Will Apple's Success Be a Cakewalk?
Joel is a member of The Motley Fool Blog Network -- entries represent the personal opinion of the blogger and are not formally edited.
Well, it seems the patent war has subsided and we are now heading onto the 'Android War'. In one of the accusations against Samsung, Apple (NASDAQ: AAPL) has brought to notice that features used in Google's Android system also mimics the features of the Apple iOS. Google (NASDAQ: GOOG) CEO Larry Page and Apple counterpart Tim Cook reportedly met in order to discuss the intellectual property disputes. Since the discussions aren't public, we can't comment on that. But what is Google doing to save its Android from being fired by Big Bad Apple? Nothing much, it just listed out around 7 patents of Motorola Mobility that Apple seems to have infringed upon. Good work Google!!
Stakes Too High
Google realizes that it has to do something to stop Apple from deterring companies willing to build Android phones. Apple on the other hand knows removing Android from the market would mean calling in Microsoft (NASDAQ: MSFT) to share the spoils of the war in the mobile space in the US.
Apple also knows what problems the patent suit filed against it can do, and therefore likes to silently find a solution for it. Google has already started working on the small modifications it needs to do in the Android software to defray the suit filed against Galaxy Nexus and many others. If Google files a suit against Apple and that too on technical grounds like phone and video players, email notification, and voice recognition software, and if Apple is found guilty that any of its products - the iPhone, iPad, and iPod Touch use these patents, they would be banned in the U.S. Changing these important features to avoid this from happening might make these products lose their charm.
Apple is clever enough not to disturb Google when three of its biggest products are at stake. The company's third quarter reports tell us that almost 3/4ths of the total revenue it earned was because of these products. Almost 40% of its net sales come from voraciously loyal Apple fans in the US, which it will lose if there is a ban. The Holy Bible says: As you sow, so shall you reap.
Biting off the wrong Chip?
Amazon (NASDAQ: AMZN) is all ready to kindle up our minds in the coming week with the launch of its Kindle Fire 2. Microsoft will bring out its Surface RT tablet in mid October. Apple's iPhone 5 will be out in the market somewhere between these two release dates. Along with that the company is planning to announce its much rumored iPad Mini, thus competing with the tablets made by Google, Amazon and the less fortunate Research In Motion. There may be many Apple enthusiasts willing to buy the wonderful phone, but it definitely is very highly priced. That stays the same for the iPad mini, when compared with Google Nexus 7, Kindle Fire 2 or the Windows RT.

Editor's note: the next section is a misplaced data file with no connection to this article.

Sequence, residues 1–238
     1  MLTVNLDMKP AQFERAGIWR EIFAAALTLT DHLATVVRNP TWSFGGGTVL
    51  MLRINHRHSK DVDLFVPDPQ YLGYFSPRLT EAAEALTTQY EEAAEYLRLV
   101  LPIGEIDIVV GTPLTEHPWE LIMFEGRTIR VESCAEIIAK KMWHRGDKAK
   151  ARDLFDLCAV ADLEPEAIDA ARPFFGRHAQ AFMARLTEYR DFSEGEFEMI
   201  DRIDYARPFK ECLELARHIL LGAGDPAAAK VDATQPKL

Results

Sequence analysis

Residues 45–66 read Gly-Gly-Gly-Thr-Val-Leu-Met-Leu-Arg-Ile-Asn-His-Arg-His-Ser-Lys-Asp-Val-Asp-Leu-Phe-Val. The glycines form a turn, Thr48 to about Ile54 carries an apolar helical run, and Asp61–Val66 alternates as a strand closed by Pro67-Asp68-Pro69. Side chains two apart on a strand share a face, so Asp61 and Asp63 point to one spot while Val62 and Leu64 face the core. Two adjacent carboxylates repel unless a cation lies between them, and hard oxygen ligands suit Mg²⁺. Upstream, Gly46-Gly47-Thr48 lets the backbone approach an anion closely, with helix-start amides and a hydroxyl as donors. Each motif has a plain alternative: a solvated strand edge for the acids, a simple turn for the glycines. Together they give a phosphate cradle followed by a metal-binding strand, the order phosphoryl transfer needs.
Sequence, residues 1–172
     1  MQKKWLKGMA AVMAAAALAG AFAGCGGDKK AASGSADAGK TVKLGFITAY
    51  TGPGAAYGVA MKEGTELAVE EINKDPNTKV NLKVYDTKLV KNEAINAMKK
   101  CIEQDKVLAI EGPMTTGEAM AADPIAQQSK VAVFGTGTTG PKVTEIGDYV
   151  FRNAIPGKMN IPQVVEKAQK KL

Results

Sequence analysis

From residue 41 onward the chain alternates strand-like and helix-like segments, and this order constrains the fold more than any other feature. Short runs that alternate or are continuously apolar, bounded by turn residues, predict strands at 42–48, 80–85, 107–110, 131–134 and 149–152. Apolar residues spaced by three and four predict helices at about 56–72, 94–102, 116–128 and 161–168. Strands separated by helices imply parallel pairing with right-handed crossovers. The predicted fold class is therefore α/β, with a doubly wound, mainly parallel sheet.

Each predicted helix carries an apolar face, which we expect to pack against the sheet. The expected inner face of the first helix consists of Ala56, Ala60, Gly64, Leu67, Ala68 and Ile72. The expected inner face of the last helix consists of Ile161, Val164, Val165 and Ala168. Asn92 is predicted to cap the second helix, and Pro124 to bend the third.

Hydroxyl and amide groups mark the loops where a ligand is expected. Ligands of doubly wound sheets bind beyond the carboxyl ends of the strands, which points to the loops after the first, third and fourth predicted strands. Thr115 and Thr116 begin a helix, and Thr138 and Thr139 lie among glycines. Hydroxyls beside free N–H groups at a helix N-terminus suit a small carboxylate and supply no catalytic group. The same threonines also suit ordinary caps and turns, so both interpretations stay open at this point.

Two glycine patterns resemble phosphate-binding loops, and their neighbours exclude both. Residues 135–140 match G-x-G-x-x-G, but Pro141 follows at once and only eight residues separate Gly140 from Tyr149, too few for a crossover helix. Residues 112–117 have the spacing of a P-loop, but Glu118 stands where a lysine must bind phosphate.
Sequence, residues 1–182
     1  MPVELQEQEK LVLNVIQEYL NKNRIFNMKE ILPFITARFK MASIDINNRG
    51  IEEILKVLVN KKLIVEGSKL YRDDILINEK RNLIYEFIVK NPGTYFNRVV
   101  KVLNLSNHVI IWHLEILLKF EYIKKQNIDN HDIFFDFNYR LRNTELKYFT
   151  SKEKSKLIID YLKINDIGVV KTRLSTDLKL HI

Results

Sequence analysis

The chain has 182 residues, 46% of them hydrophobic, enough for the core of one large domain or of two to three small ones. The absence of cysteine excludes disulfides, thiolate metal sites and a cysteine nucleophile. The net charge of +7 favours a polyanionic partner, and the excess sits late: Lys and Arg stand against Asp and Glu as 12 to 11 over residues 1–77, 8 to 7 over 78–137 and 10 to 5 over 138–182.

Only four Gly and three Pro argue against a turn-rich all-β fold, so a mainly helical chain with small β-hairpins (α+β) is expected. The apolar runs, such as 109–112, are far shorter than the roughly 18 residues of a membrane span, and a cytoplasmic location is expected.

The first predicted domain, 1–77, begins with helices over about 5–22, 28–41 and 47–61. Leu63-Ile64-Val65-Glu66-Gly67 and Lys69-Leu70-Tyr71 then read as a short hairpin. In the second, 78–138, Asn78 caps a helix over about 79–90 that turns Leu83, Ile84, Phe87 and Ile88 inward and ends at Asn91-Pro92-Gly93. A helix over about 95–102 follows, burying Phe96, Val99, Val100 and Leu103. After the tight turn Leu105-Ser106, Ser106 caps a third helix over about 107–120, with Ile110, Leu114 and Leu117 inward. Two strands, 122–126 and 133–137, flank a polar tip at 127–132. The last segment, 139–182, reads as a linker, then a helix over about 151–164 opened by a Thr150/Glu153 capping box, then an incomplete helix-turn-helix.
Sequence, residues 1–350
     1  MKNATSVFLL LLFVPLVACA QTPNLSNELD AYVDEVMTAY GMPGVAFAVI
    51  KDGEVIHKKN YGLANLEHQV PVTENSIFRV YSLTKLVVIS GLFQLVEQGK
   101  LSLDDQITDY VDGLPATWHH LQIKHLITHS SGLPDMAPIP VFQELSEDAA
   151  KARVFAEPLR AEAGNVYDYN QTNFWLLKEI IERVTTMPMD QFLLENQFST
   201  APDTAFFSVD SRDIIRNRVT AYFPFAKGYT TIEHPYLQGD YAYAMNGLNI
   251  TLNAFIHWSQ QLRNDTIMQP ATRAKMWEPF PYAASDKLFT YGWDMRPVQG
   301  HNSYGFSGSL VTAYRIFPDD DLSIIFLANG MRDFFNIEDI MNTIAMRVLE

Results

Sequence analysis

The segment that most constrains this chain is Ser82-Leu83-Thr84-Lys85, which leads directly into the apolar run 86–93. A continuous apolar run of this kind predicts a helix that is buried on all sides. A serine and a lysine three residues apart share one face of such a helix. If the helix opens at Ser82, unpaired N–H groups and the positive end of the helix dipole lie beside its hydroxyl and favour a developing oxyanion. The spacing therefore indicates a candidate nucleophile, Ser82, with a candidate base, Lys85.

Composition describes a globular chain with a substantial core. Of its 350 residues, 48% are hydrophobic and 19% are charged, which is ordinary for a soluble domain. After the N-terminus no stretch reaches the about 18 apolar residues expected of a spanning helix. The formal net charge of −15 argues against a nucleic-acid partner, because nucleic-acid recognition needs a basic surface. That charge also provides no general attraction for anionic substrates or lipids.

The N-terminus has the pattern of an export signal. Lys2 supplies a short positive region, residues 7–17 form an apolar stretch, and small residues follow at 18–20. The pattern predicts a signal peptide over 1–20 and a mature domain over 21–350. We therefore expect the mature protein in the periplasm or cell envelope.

One of the major chip suppliers of Apple is Samsung. Now after Apple has done enough to generate enmity with this chipmaker, should it think of changing chip suppliers?
Well, that might be the case. But the Cupertino based company very well knows Samsung provides them with the best compatible SSDs (especially the SD 830). But Apple did make an offer to TSMC which it declined. That still leaves Apple with the option of using Intel (NASDAQ: INTC). If at all Apple does that, then should we expect their product prices to go up?
The Foolish takeaway
Apple is one of the most influential and successful businesses of the century. Those lucky enough to own shares have a lot of reasons to bask in its continuing success. With a strong and consistent EPS and an annual earnings growth rate over the past five years of 64.95% Apple's relative strength trend has been increasing over the last few months commendably. If we compare the stock's performance with the overall market over the past year, Apple displays exceptional strength.
With a Debt/Equity ratio of 0% and a large amount of cash at its disposal, Apple is all geared up to make its investors happier with the upcoming release of its new products. However, the company anticipates some production hiccups in the initial months of the release of the iPhone 5 as Sharp Corporation, the LCD manufacturer declares supply shortages.
Despite all (small) odds on its way, the word definitely is "hold" (and if possible a buy). So, what do you folks think about Apple? Feel free to comment.
Joel has no positions in the stocks mentioned above. The Motley Fool owns shares of Apple, Amazon.com, Google, Intel, and Microsoft. Motley Fool newsletter services recommend Amazon.com, Apple, Google, and Intel. Try any of our Foolish newsletter services free for 30 days. We Fools may not all hold the same opinions, but we all believe that considering a diverse range of insights makes us better investors. The Motley Fool has a disclosure policy.If you have questions about this post or the Fool’s blog network, click here for information.